Sea animals, including dolphins and whales, have been featured in aquarium displays for years.
But now a new research paper shows that they also have the best chance of surviving and thriving in an environment with lots of bacteria.
The research was led by researchers at The Ohio State University and the University of Iowa and was published in the journal Nature Communications.
The study is the first to test a group of bacteria in a tank, including one called S. thermophilus, which are known to be a key ingredient in making aquariums thrive.
“What we have shown is that these are the species that actually thrive in the aquarium environment, because they’re able to thrive in such a small environment,” said Robert T. Kavira, a professor of biology at The University of Houston who led the study.
The researchers tested the bacteria by soaking them in a solution containing various compounds that help them grow.
The bacteria were then allowed to colonize the tank and grew.
They found that S. perforatum was the most common type of organism, but also E. coli, Listeria monocytogenes, and salmonella.
“If you add one of these to a bacterial population in an ocean tank, it can make a huge difference in how quickly they grow,” Kaviras said.
“And then if you have an aquarium with lots and lots of different kinds of organisms, that’s one of the things we’re looking for.”
The researchers said their findings showed that bacteria that can survive and thrive in aquarium environments are the ones that can thrive in a high-temperature environment.
They were also able to see that these organisms were able to colonise the tanks at a high rate compared to the other bacteria.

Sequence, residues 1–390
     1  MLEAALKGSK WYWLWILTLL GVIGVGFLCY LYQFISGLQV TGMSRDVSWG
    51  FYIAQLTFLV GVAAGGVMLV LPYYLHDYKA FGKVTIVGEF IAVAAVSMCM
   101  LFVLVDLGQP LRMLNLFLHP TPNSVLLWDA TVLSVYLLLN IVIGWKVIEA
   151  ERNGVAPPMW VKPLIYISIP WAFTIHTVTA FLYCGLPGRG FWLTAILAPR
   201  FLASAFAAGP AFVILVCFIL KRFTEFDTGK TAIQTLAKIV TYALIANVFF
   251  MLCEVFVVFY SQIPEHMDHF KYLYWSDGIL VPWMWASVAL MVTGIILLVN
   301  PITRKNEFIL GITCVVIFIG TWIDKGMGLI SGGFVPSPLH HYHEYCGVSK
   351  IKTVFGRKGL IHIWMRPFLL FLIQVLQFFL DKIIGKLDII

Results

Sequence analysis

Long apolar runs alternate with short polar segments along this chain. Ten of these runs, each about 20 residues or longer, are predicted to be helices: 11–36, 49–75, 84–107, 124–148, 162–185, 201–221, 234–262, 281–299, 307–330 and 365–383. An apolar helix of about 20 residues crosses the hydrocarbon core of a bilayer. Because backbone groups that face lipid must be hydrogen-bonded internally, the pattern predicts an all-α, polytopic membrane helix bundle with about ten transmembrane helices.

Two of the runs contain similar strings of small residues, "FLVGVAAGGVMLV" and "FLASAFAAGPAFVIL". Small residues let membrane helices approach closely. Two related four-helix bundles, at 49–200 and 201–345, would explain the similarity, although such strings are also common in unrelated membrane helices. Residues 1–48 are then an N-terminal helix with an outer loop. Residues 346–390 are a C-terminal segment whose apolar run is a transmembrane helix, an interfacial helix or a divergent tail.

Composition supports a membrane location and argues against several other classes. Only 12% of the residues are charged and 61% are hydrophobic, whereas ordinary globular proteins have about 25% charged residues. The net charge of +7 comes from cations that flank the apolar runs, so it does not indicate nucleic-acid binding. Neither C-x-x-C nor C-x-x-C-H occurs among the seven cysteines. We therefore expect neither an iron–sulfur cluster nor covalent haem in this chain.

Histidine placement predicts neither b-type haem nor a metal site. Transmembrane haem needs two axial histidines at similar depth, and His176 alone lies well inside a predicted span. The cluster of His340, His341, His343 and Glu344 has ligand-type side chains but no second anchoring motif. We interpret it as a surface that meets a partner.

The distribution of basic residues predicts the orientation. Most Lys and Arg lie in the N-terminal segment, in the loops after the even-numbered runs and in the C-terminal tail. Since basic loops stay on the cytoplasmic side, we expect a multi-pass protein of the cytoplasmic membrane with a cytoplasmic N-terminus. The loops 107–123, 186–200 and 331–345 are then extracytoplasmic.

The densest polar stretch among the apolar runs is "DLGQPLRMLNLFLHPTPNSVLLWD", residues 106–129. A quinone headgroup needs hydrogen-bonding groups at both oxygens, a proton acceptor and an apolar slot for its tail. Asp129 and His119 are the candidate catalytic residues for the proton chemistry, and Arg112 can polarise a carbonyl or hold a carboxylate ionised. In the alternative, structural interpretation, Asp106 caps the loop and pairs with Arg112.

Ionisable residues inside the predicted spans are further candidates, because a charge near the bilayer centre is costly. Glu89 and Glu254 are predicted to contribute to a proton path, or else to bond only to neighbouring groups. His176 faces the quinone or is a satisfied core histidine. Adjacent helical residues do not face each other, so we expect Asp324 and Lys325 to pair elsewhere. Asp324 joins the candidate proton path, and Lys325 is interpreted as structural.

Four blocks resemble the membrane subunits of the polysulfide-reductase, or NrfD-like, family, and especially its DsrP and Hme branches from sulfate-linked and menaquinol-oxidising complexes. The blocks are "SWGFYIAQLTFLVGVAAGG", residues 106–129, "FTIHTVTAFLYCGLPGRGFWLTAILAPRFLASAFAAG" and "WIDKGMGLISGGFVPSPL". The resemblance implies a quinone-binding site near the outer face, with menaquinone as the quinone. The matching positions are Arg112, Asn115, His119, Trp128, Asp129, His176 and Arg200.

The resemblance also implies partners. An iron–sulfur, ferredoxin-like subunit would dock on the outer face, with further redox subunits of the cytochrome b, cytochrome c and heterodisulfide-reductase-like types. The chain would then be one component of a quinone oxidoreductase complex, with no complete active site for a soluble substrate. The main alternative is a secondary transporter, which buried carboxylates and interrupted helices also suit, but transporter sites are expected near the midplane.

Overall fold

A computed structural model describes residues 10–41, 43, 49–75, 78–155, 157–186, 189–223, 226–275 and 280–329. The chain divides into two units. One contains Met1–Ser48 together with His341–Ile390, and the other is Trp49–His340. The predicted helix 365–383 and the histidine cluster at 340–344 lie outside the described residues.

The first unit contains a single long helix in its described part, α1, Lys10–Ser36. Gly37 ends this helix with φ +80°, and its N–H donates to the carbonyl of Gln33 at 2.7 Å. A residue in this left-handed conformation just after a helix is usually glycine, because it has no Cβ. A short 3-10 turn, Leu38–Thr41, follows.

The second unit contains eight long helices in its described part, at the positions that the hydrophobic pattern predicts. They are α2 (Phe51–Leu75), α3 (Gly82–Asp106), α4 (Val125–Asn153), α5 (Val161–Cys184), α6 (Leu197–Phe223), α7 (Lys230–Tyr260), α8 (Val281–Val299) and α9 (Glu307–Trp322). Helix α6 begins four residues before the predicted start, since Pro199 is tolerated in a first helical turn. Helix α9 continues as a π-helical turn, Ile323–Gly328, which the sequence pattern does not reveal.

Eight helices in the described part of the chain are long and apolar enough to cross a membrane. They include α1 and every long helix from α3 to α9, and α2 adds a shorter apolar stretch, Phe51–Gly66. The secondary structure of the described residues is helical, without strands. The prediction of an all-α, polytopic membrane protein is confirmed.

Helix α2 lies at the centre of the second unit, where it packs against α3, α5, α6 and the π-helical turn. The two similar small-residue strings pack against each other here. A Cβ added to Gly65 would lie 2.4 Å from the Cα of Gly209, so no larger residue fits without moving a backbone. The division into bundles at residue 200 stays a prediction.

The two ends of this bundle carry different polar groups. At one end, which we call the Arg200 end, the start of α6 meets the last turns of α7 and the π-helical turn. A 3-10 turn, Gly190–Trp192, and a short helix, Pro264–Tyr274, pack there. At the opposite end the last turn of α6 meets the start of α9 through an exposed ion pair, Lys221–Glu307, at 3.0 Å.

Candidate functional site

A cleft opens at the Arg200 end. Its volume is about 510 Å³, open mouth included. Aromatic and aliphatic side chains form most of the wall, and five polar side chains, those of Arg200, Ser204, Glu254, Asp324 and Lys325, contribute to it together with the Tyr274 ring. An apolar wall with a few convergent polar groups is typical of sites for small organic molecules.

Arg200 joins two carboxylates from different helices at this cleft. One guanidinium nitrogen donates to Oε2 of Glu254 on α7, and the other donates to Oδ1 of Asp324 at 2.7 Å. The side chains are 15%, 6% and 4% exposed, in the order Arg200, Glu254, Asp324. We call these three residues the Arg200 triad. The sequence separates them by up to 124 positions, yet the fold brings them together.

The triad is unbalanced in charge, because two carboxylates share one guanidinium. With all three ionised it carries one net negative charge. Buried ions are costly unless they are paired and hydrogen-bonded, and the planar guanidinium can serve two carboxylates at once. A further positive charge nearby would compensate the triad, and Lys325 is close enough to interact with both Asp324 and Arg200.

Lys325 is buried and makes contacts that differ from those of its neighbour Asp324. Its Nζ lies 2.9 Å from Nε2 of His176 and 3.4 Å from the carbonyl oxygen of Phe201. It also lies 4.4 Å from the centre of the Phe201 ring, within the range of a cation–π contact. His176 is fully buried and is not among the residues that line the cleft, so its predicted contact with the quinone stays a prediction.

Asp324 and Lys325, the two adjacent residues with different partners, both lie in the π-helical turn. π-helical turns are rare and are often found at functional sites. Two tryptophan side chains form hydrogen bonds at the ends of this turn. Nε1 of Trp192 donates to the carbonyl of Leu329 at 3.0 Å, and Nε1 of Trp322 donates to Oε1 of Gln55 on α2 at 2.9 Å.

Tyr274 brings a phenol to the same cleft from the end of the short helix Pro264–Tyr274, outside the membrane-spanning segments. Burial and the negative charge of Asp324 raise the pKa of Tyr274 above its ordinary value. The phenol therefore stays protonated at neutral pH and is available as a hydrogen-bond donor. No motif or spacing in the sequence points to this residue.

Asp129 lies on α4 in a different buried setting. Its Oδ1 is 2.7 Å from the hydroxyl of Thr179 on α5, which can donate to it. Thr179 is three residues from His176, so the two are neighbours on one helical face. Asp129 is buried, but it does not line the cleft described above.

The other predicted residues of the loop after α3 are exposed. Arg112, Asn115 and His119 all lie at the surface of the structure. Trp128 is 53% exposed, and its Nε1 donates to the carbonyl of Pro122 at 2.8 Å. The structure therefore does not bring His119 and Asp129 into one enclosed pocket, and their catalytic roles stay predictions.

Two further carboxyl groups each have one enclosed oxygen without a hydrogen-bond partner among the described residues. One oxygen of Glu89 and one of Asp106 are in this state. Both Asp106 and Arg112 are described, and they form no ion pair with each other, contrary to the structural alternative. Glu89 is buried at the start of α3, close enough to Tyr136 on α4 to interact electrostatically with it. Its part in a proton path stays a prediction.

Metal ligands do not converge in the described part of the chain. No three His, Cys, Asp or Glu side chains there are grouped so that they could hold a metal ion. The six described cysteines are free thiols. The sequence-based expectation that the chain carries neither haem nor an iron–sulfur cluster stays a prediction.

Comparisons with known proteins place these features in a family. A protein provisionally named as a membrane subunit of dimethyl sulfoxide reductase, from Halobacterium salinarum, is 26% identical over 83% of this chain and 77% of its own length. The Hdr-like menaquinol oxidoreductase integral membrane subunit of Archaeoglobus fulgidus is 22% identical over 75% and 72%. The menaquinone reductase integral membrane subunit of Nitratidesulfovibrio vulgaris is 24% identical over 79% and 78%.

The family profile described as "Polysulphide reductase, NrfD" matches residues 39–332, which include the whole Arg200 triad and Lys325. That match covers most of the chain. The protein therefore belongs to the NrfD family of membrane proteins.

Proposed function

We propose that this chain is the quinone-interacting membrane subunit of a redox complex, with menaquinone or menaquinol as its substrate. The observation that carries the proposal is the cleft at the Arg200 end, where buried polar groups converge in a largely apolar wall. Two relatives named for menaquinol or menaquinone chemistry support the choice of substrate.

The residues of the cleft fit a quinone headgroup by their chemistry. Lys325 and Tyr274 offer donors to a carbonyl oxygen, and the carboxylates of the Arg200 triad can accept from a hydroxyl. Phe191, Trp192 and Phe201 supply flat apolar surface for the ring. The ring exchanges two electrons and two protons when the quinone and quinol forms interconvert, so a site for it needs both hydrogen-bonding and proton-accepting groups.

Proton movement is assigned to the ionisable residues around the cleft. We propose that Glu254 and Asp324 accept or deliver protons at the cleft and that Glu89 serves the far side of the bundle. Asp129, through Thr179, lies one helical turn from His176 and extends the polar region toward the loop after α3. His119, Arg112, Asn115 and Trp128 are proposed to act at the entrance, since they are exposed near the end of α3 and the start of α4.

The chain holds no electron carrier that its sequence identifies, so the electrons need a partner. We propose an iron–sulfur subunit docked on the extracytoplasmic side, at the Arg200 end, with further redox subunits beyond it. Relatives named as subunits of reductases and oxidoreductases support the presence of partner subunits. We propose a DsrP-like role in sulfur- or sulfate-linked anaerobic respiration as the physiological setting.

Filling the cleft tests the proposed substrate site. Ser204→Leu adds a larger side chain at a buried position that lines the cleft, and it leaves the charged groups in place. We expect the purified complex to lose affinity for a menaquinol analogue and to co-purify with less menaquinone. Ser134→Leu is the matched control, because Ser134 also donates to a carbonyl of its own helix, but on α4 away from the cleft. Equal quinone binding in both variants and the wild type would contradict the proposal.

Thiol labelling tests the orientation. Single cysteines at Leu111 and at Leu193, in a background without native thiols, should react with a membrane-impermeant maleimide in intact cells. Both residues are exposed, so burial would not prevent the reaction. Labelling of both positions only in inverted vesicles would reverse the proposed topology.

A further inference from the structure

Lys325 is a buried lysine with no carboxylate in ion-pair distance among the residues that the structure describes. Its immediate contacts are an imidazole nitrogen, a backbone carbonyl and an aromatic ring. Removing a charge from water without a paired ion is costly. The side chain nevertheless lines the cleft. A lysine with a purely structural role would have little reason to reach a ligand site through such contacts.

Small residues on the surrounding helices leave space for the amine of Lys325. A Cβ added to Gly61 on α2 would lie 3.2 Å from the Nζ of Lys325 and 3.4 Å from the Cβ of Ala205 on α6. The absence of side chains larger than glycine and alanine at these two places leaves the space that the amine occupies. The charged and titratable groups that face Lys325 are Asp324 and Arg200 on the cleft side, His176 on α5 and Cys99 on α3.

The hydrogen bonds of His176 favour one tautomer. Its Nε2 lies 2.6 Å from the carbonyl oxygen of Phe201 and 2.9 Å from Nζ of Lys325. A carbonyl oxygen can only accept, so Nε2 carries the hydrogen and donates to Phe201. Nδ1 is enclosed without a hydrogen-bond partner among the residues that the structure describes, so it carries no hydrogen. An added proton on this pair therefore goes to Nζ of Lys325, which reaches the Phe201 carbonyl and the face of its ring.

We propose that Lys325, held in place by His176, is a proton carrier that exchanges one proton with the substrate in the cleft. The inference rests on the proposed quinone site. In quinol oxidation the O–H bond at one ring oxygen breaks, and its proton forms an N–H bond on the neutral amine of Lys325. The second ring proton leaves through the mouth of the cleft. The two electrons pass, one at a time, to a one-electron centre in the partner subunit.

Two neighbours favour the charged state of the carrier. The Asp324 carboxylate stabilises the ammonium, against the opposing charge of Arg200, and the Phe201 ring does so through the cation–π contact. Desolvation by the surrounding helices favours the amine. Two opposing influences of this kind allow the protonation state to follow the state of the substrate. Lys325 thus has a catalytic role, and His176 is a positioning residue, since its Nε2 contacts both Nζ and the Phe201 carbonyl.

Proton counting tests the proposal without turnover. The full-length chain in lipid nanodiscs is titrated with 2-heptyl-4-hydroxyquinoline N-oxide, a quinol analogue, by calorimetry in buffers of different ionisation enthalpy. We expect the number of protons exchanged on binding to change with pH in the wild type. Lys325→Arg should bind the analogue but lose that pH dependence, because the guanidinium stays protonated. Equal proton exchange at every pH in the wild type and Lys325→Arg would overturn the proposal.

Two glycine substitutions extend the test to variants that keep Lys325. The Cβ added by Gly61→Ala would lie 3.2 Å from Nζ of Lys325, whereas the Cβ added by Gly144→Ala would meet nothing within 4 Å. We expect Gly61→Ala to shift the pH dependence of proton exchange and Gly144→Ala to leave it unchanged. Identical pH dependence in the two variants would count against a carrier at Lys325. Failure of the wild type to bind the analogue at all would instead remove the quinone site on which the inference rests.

“In a high temperature environment, these bacteria thrive.
So you can have a high pH and a low temperature environment and you’re going to get some bacteria that you want to grow,” said co-author and assistant professor of ecology and evolutionary biology David H. Green, who also works at The Columbus Zoo.
In addition, the bacteria also appeared to have some special properties.
For example, S. bivalve was more sensitive to low temperatures and was more likely to survive than S. anamensis.
In fact, S inamensis is the most commonly found species in aquariums.
“These are some really important traits for an organism to have,” Green said.
And that is a really exciting thing to see because this may help us understand why some organisms thrive in certain environments and others don’t.
“The findings also show that these bacteria are able to survive at temperatures that are far below the freezing point, which means they don’t die.
Kavanah and his team also found that the species S. floresiensis was able to live for about three weeks in a very high temperature aquarium environment. “
It’s not like they can just disappear, like, well, these are all the same species,” he said.
Kavanah and his team also found that the species S. floresiensis was able to live for about three weeks in a very high temperature aquarium environment.
But the species of S. maculata was much less likely to thrive there.
The findings are important, because the researchers said it could be a big help in developing new ways to prevent bacterial outbreaks in marine aquariums, such as using the bacteria as a source of food in the tank.